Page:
Councillors prioritise £1m for improvements to schools over summer

SBC Headquarters
SBC Headquarters

Around £1m worth of “priority works” will be carried out on ailing Borders schools during this year’s summer break.

The projects, in addition to a scheduled programme of routine upgrades worth another £1m, were agreed at the last meeting of Scottish Borders Council’s executive committee.

“Some immediate priorities require to be addressed in order to ensure the council meets its obligations for the safety and wellbeing of school building users,” stated a report from asset development manager Annette Patterson.

The council has already agreed to carry out a major review over the coming year of its entire school estate, comprising 63 primaries, nine secondaries and more than 40 ancillary buildings, the upkeep of which represents an annual strain of 47 per cent on the council’s total revenue spending.

While that study will inform future decisions about investment in new schools – and the closure of others – Mrs Patterson’s report stressed the council’s short term obligations to the region’s 15,000 children and young people.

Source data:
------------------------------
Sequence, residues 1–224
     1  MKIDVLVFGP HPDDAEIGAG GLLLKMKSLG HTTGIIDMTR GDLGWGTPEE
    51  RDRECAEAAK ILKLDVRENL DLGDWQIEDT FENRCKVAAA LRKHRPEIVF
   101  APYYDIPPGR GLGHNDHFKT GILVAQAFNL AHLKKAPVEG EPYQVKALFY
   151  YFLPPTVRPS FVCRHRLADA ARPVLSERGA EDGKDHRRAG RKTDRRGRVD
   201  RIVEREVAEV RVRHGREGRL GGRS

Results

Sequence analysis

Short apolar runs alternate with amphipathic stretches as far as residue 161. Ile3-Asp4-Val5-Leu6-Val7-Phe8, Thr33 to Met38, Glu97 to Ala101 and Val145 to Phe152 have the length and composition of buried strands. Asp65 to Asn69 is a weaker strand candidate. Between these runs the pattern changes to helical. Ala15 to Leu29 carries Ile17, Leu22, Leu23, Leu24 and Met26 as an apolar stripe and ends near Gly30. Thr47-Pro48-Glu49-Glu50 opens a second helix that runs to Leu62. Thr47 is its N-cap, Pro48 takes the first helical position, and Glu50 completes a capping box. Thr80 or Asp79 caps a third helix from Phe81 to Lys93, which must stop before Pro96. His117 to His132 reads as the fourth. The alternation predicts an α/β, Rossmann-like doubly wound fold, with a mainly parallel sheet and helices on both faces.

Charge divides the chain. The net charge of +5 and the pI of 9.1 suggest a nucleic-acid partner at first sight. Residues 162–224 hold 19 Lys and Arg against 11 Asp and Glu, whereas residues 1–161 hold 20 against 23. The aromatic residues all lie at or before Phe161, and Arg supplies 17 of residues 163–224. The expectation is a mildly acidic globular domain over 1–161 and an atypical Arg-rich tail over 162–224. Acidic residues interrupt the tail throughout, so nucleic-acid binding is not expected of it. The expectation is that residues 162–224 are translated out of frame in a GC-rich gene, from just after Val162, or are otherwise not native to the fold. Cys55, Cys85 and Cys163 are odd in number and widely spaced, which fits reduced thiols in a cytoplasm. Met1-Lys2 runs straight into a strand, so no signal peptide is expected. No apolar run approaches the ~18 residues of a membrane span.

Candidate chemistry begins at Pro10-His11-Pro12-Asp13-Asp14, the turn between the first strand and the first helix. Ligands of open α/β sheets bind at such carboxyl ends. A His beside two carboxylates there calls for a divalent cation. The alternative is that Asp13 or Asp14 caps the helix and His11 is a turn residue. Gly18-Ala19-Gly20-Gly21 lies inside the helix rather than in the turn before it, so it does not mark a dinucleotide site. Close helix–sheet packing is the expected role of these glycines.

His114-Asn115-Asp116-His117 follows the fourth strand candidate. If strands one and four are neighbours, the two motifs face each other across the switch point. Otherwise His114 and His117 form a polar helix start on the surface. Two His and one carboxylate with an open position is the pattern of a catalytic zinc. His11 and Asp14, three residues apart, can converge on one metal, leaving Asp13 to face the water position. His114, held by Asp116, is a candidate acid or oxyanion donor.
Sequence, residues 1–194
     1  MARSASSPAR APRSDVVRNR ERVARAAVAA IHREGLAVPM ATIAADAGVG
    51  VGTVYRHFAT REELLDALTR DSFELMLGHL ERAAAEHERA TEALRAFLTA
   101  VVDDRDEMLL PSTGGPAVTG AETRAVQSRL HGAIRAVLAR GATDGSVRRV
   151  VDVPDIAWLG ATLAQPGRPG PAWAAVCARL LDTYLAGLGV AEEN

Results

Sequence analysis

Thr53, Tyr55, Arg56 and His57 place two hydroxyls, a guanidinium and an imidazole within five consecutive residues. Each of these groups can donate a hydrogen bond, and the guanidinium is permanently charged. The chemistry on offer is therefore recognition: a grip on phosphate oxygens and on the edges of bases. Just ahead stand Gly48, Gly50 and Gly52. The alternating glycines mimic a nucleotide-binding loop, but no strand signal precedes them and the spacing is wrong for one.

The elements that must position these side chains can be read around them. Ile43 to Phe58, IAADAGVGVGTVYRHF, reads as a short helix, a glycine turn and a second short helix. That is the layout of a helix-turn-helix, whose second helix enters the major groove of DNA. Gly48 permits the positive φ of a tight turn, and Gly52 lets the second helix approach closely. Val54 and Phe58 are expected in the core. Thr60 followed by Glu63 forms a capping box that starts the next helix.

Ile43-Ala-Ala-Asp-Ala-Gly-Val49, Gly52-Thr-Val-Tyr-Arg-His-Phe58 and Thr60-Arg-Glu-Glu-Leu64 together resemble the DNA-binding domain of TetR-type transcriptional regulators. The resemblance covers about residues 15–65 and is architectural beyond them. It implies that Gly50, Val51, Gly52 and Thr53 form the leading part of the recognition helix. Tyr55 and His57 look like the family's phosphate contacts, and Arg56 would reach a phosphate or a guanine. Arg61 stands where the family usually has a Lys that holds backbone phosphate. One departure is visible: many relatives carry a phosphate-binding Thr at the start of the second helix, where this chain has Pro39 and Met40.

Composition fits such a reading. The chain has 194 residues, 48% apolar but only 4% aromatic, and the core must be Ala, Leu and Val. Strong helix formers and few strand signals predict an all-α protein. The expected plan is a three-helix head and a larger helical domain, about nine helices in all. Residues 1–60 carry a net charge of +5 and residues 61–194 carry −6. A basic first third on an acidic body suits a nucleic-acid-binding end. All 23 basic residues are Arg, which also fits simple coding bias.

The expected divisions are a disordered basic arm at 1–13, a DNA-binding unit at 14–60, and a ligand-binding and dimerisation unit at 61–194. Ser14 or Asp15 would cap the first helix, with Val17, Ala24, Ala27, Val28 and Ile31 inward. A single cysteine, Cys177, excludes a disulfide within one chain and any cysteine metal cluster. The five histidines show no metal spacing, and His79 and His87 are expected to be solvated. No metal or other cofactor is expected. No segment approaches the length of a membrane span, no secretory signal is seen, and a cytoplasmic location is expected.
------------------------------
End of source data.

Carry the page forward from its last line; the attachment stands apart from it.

The priority work will thus include a £90,000 spend on “addressing security issues” at the entrances/reception areas at Broughton, St Ronan’s and Wilton primaries.

Also included is £200,000 to meet SBC’s obligations under the Equality Act by improving access for pupils, staff and others with disabilities.

In line with this, special adaptations will go ahead at Burnfoot, Coldstream, Lilliesleaf, Melrose, Priorsford and St Boswells as well as at Peebles High.

Serious ventilation issues will be addressed with window replacements at Selkirk High (£100,000) and Coldstream Primary (£75,000).

The bulk of the emergency spending – £425,000 – will be devoted to improving conditions at 160-pupil Chirnside Primary, which was built in 1940 and suffers from cramped accommodation and “inadequate toilet provision”.

In addition, a further £35,000 will be spent upgrading fire alarm systems across the school estate.

“The council’s insurers have identified a number of risks and issues with fire management which require to be addressed,” said Mrs Patterson.